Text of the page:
Family and friends of the late Dallas Independent School District trustee and civil rights pioneer Kathlyn Joy Gilliam will hold a ribbon cutting this weekend to mark the opening of a museum created in her honor.
The public is invited to attend the museum opening at noon this Sat., Feb. 27. The museum is housed in Gilliam’s former home located at 3817 Wendelkin in South Dallas. The home was designated a city of Dallas Historic Landmark in 2015.
The new museum will serve as a community learning space and house artifacts of Gilliam’s longtime involvement in education and civil rights. Saturday’s ribbon cutting will include remarks by author and lecturer Rev. Zan Wesley Holmes Jr., actor and former teacher Irma P. Hall, and former Dallas ISD trustees who worked alongside Gilliam during her more than two decades on the district’s board. Museum curator Marvin Dulaney, chair of the University of Texas at Arlington History Department, will discuss the museum’s collection. The event will also feature tours and entertainment.
Families and friends say the museum is a fitting tribute to Gilliam’s lifelong work to foster educational equity and broaden life opportunities for the city’s children and families.
A trailblazer who repeatedly overcame racial barriers, Gilliam was the first African American woman elected to the Dallas ISD Board of Trustees and the first in its history to serve as the board’s president. She died in 2011.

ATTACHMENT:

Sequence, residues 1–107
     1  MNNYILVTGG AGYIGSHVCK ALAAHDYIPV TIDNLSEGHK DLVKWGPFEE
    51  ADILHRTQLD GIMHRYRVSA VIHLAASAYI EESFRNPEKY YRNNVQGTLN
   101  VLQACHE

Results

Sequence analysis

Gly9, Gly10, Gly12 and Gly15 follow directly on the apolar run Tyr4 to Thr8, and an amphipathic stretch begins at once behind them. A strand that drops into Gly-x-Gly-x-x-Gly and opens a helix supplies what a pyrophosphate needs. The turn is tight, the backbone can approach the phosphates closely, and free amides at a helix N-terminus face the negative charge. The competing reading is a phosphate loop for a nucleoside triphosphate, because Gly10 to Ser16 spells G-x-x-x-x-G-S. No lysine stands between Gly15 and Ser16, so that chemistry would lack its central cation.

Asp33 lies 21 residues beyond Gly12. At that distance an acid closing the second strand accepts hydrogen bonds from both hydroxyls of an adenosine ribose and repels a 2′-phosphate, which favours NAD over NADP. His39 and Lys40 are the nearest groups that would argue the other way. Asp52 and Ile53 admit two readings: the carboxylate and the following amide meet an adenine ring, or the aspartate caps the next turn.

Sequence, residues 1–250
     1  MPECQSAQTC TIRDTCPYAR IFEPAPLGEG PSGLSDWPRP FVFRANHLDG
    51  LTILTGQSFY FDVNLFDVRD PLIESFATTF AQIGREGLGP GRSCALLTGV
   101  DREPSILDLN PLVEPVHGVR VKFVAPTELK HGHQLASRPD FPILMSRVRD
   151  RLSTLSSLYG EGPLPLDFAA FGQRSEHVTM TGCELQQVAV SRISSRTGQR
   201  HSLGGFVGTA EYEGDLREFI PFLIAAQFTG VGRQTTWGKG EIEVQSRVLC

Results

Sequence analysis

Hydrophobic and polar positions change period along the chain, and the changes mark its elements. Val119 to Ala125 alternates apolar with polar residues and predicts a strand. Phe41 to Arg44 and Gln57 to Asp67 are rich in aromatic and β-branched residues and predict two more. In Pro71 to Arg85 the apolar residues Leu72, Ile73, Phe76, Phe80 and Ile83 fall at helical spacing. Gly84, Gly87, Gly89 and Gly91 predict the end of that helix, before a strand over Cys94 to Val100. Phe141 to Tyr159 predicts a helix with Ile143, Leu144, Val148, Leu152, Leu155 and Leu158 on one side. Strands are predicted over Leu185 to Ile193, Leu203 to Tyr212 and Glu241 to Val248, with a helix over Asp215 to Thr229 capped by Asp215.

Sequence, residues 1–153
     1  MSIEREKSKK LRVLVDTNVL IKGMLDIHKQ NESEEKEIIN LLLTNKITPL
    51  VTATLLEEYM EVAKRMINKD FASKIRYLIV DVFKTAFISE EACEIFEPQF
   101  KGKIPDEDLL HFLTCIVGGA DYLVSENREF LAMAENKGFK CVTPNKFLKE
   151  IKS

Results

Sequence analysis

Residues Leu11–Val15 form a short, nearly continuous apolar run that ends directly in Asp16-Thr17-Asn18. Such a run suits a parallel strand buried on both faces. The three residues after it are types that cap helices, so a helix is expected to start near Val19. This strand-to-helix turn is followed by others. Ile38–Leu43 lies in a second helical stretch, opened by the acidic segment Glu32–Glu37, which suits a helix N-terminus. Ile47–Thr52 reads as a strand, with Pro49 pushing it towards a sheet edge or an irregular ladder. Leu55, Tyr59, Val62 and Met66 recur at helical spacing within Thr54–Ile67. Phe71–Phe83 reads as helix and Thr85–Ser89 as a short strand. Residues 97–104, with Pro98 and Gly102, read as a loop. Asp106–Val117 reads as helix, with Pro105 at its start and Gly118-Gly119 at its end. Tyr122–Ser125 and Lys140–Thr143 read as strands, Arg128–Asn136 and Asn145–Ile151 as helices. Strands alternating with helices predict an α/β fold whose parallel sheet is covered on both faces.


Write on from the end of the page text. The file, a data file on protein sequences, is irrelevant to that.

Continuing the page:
As part of the district’s 2008 bond program, trustees named the Kathlyn Joy Gilliam Collegiate Academy in her honor. One of the district’s five early college high schools, Gilliam Academy offers students the opportunity to graduate with up to 60 transferable college credit hours via its partnership with Cedar Valley College.
Gilliam’s daughter Constance Harris, who serves as president of the museum board, said the facility will continue her mother’s work to help others.
“Our mother embraced life with such love and compassion for others,” Harris said. “We will continue the community service and empowerment she so passionately modeled through the work of the museum – with that same spirit of determination and respect.”
Organizers say the museum will offer reading programs, summer reading camps, and computer literacy classes for youth and adults. It will also serve as a training center for debate team competitions to encourage discussion of issues in an environment that fosters communication without confrontation.
More information about Gilliam, her legacy and the museum is available at www.KathlynJoyGilliamMuseum.org or (469) 458-0208.